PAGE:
Des Moines Art Center to screen documentary How to Steal a Chair and land art film Through the Repellent Fence11/9/2018
Des Moines (November 2018) On Thursday, Nov. 15, 7 p.m., the Art Center will screen one of the most talked about art documentaries How to Steal a Chair, 2017. Directed by Konstantinos Kambouroglou, the film is 87 minutes and not rated. The director will introduce the film and participate in a Q & A with the audience after the screening. And on Sunday, Nov. 25, 1:30 p.m., the Art Center will screen Through the Repellent Fence, 2017. The film is 74 minutes; not rated. Producer Jeffrey Brown will be on hand to introduce the film and then talk with the audience afterwards about making a film on both sides of the border. The films will be shown in Levitt Auditorium, and are free and open to the public.
How to Steal a Chair Stergios Delialis is a 72 year-old Greek designer, collector, and educator buried under the weight of his lost dream: the Thessaloniki Design Museum, which made an international splash and then died a slow and peculiar death in the 1990s. He is also buried under the weight of his enormous design collection, once the core of his museum, and now defunct and too costly to maintain amidst the financial crisis. The film follows Stergios as he realizes he has become a ghost in his own life and contemplates parting with his collection. Meanwhile, he undertakes to produce a retrospective of his own design work in the building of his lost museum.
This film is presented in partnership with Grinnell College.
Through the Repellent Fence follows art collective Postcommodity as they strive to construct Repellent Fence, a two-mile-long outdoor artwork that straddles the U.S.-Mexico border. Postcommodity consists of three Native American artists who “put land art in a tribal context.” Aided by the communities on both sides of the border in 2015, the artists installed a series of 28 huge inflatable spheres emblazoned with an insignia known as the “open eye” that has existed in Indigenous cultures from South America to Canada for thousands of years. The spheres were evenly spaced apart and extended north and south of the border a mile in each direction. It’s a metaphorical suture stitching together cultures that have inhabited these lands long before borders were drawn.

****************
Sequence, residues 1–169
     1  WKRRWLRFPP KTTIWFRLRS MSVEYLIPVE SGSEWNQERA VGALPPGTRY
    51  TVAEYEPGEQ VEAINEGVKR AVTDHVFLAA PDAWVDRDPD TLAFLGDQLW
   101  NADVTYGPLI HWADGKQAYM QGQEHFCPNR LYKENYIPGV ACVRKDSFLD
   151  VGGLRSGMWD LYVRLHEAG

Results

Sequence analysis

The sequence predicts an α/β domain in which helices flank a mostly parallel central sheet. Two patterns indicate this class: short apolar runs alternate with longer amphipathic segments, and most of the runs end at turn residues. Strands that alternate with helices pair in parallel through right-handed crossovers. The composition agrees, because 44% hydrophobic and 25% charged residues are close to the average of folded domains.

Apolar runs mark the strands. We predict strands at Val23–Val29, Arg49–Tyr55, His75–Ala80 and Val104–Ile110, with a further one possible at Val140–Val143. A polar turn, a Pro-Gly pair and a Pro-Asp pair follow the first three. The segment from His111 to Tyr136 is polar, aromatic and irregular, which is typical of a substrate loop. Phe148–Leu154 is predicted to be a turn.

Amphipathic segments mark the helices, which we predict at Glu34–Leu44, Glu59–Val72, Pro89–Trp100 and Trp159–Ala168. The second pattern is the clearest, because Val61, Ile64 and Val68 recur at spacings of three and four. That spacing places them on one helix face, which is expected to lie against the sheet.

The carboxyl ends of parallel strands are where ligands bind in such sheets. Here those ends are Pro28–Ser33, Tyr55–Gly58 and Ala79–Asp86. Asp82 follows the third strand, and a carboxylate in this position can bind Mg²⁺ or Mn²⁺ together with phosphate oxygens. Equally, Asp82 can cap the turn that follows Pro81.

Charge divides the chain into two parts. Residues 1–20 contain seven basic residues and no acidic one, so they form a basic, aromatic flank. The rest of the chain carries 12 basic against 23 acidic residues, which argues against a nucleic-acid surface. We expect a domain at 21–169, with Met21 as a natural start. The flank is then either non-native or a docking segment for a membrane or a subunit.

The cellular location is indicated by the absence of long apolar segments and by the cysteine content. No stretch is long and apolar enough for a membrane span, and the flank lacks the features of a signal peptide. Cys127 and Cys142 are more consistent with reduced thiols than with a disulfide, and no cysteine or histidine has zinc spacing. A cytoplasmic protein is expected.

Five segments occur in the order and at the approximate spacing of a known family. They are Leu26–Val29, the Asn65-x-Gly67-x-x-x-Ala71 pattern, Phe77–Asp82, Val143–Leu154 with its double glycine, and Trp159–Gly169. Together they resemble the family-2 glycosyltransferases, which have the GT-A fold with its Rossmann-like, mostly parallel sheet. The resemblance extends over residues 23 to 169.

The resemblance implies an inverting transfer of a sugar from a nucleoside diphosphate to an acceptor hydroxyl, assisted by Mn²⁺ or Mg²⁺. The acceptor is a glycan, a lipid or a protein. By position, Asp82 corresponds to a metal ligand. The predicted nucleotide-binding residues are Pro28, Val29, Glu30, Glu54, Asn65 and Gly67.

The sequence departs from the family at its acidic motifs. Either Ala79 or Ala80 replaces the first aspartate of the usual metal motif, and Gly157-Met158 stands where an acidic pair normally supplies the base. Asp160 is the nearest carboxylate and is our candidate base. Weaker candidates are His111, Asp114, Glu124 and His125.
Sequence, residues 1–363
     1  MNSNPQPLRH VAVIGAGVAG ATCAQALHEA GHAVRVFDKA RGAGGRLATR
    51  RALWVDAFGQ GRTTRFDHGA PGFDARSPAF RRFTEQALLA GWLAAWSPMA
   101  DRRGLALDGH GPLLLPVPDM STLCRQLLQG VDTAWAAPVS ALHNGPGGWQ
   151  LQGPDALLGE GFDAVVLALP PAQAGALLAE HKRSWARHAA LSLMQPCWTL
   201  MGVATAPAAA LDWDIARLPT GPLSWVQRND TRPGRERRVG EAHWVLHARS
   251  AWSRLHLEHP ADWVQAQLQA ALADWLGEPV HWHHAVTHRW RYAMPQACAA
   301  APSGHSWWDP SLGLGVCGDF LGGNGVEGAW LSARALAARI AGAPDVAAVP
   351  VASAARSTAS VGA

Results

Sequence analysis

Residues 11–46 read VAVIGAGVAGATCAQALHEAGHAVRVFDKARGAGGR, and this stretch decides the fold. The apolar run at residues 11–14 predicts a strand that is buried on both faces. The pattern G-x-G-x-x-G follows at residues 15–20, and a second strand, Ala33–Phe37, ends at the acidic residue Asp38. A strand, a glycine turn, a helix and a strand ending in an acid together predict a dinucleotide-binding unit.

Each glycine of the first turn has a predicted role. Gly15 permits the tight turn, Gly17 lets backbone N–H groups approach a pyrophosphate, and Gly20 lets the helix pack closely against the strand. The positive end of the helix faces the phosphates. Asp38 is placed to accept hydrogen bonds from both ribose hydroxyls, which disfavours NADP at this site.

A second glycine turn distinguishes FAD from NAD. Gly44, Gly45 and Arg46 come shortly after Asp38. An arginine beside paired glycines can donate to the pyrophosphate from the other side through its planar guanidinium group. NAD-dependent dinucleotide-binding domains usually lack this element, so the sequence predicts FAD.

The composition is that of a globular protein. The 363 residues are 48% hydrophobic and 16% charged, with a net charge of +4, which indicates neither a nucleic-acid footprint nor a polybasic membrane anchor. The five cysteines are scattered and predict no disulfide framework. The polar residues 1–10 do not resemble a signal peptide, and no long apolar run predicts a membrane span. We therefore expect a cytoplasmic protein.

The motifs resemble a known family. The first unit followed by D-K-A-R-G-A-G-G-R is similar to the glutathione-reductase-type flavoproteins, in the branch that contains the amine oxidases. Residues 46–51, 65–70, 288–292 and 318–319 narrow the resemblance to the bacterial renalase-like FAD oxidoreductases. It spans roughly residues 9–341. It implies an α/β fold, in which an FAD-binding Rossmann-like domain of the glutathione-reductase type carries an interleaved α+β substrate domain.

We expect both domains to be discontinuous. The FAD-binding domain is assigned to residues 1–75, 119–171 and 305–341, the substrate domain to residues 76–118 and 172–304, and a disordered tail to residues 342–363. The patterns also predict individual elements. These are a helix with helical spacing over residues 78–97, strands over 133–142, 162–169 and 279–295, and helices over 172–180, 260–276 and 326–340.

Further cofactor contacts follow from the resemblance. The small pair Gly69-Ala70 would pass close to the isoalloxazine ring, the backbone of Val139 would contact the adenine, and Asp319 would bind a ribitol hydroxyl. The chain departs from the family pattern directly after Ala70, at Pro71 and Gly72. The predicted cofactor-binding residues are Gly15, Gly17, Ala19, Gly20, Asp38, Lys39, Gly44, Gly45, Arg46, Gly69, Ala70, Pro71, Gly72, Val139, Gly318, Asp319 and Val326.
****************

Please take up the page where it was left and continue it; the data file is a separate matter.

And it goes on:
According to Postcommodity, “The intention of the Repellent Fence is to dialogue with the complex realities of the border experiences of indigenous peoples, which includes those who are geographically divided by the United States/Mexico border.”
Des Moines Art Center Recognized by international art critics as a world-class museum in the heart of the Midwest, the Des Moines Art Center, an AAM-accredited institution, has amassed an important collection with a major emphasis on contemporary art. The collection’s overriding principle is a representation of artists from the 19th century to the present, each through a seminal work. This accounts for an impressive collection that ranges from Edward Hopper’s Automat to Jasper Johns’ Tennyson, Henri Matisse’s Woman in White, Georgia O’Keeffe’s From the Lake No. 1, Francis Bacon’s Study after Velásquez’s Portrait of Pope Innocent X, Bill Viola’s Ascension, and Cecily Brown’s Half-Bind. The Art Center’s physical complex marries with the collection for a totally integrated experience. The collection is housed in three major buildings, each designed by a world-renowned architect—Eliel Saarinen, I. M. Pei, and Richard Meier. With the exception of special events, admission to the museum is free.
In September 2009, the John and Mary Pappajohn Sculpture Park opened in Des Moines’ Western Gateway Park. Philanthropists John and Mary Pappajohn provided funding for and donated 29 sculptures by internationally acclaimed contemporary artists to the Des Moines Art Center. The collection of sculptures by such artists as Louise Bourgeois, Deborah Butterfield, Willem de Kooning, Mark di Suvero, Olafur Eliasson, Keith Haring, Ellsworth Kelly, Yayoi Kusama, Jaume Plensa, Richard Serra, and Joel Shapiro is the most significant donation of artwork to the Art Center in a single gift in the museum’s history. The Pappajohn Sculpture Park is a collaboration of the Pappajohns, the City of Des Moines, the Des Moines Art Center, and numerous corporate and private donors.